I read an interesting comment that one person had about her boss. “He is the most capable boss I’ve ever worked with,” she writes. “He is brilliant, energetic, everywhere at once, on top of every detail in the business, always enthusiastic, always there with the right decision.” Then she continues, “He is the worst boss I’ve ever worked with.”
Wow! I didn’t see that coming. But think about it: a good boss helps others to grow, brings out the best in them. A good leader doesn’t DO everything. A good leader enables others to do their best work. THAT is one way a servant leader leads.
If you and I would be servant leaders, we will want to bring out the best in others, foster an environment of creativity and accountability, and serve their needs. (Turns out this is the best way to serve our own needs, as well!)
Recipe for Success as a Servant Leader
In our texts for today, we have two complimentary “recipes for success as servant leaders.” James tells us, “Submit yourselves therefore to God (who is our Leader). Resist the devil, and he will flee from you. Draw near to God, and he will draw near to you.”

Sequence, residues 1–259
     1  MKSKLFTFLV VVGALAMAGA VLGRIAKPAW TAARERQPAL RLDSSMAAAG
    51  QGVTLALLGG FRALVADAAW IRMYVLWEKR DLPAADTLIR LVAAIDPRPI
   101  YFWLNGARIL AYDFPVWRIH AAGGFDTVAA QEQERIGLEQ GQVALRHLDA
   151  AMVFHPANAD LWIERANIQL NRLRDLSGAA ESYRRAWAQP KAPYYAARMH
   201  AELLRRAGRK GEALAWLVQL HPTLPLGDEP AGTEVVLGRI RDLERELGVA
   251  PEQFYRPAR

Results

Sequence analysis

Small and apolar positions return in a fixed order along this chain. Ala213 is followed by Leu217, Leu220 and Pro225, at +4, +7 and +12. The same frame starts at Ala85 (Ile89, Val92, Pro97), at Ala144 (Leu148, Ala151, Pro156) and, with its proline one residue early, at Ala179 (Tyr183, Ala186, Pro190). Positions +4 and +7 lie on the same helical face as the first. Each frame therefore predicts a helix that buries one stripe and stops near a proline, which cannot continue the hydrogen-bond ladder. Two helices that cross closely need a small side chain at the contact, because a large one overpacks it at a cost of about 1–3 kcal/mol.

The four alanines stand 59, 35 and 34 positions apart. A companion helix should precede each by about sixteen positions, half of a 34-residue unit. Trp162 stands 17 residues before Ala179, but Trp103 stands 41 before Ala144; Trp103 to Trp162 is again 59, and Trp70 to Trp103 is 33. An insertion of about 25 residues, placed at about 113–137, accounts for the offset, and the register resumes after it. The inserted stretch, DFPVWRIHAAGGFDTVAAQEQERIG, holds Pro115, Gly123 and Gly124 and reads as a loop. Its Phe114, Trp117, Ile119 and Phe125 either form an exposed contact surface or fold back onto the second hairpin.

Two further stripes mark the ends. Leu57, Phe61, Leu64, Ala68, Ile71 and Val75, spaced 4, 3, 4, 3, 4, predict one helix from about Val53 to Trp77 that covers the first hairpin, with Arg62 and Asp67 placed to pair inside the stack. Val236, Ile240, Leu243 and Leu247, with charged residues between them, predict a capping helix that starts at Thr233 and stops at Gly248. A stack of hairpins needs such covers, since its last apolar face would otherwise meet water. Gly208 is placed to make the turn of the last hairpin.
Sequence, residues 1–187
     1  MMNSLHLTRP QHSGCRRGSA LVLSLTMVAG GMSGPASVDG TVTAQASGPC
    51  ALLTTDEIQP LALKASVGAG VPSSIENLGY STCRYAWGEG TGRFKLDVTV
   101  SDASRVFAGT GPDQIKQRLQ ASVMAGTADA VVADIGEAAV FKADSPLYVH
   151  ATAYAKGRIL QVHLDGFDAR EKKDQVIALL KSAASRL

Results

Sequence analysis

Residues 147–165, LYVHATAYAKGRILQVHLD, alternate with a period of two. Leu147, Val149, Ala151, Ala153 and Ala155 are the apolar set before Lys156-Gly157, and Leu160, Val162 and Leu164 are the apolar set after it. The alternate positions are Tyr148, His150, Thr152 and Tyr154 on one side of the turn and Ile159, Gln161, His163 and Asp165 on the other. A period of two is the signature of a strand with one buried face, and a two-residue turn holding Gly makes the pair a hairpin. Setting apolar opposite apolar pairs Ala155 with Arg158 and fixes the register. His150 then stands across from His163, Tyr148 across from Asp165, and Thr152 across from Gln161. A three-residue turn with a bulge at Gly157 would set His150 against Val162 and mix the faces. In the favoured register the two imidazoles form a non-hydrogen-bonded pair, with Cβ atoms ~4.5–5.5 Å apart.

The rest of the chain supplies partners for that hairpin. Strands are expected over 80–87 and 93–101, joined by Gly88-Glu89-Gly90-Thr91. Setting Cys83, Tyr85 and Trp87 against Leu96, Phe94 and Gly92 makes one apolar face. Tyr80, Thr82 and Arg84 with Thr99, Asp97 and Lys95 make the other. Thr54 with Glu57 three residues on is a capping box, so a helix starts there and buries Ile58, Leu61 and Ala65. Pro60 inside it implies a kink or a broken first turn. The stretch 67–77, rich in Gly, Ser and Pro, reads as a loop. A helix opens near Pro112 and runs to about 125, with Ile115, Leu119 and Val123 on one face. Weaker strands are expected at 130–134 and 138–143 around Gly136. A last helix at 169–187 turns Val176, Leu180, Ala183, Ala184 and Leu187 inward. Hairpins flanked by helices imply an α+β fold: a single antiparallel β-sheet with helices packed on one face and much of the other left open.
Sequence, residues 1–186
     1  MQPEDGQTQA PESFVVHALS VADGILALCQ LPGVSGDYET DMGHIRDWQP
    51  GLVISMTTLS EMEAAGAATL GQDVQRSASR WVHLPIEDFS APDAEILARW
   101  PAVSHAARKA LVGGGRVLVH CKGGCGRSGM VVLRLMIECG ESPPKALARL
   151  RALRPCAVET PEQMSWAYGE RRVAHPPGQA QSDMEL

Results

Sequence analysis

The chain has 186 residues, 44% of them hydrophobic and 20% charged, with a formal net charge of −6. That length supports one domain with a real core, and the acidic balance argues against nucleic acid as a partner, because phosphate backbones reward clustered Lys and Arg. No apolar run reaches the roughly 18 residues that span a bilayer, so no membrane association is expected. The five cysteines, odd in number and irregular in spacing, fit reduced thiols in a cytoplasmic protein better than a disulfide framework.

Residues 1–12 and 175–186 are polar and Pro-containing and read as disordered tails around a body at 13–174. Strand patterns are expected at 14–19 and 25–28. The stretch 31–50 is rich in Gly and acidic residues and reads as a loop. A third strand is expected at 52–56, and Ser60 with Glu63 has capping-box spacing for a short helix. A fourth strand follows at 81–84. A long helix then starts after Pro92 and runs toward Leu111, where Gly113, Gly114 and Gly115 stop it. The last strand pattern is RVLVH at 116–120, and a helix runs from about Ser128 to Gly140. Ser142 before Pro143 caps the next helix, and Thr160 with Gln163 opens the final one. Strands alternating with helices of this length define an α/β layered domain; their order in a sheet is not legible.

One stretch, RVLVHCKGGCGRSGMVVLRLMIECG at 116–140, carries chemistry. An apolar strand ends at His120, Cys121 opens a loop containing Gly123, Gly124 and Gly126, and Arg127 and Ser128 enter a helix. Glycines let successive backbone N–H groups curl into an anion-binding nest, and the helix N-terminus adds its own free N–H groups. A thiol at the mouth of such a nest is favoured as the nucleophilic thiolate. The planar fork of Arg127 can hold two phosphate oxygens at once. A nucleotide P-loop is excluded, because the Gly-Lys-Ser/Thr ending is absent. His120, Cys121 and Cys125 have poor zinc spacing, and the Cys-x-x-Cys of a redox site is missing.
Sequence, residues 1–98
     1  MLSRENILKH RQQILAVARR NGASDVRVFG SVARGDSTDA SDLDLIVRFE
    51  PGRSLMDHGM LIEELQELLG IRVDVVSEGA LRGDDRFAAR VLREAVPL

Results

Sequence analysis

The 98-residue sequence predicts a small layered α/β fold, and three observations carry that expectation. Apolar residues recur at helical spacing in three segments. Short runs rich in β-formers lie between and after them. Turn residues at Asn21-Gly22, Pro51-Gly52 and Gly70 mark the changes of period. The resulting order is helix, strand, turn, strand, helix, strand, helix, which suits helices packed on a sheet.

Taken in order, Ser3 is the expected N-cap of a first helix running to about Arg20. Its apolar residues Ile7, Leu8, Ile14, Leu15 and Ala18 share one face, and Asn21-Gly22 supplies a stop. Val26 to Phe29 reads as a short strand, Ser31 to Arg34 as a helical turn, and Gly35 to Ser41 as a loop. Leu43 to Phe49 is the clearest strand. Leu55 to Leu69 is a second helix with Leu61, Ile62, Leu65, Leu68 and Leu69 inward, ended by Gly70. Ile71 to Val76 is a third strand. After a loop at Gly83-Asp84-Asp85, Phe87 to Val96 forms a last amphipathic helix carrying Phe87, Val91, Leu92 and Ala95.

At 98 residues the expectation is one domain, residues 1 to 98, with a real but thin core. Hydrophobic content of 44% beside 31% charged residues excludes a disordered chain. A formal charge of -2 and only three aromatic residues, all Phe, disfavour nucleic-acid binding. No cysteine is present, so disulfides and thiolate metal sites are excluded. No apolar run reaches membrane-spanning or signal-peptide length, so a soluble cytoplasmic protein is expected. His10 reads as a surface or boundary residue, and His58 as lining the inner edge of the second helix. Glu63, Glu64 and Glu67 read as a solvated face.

In Mark, Jesus stood a little child in their midst, then he gave the child a hug and said, “Whoever welcomes one such child in my name welcomes me, and whoever welcomes me welcomes not me but the one who sent me.” It makes me think of the line in Isaiah 11, “And a little child shall lead them.”
I will finish today with a story about Servant Leadership. Rodger Nishioka was attending a Christian conference, and he was excited about hearing the keynote speaker. Minutes before the speaker was to begin, Rodger make a quick trip to the men’s room. When he was washing his hands, he saw a man in a nice suit picking up paper towels that had been dropped on the floor, and putting them into the trash can.
Rodger thought, “Wasn’t that nice of him? Such a humble man!” When it was time to begin, the keynote speaker was introduced, and he walked out onto the stage. Rodger was amazed to see that it was the man who had picked up the stray paper towels! Then he thought, “This guy really is humble.”
Let me recap: The World’s Wisdom says, “I am too important to be a humble servant.”
Wisdom from above—Godly wisdom—says, “The only way to truly lead is to serve.”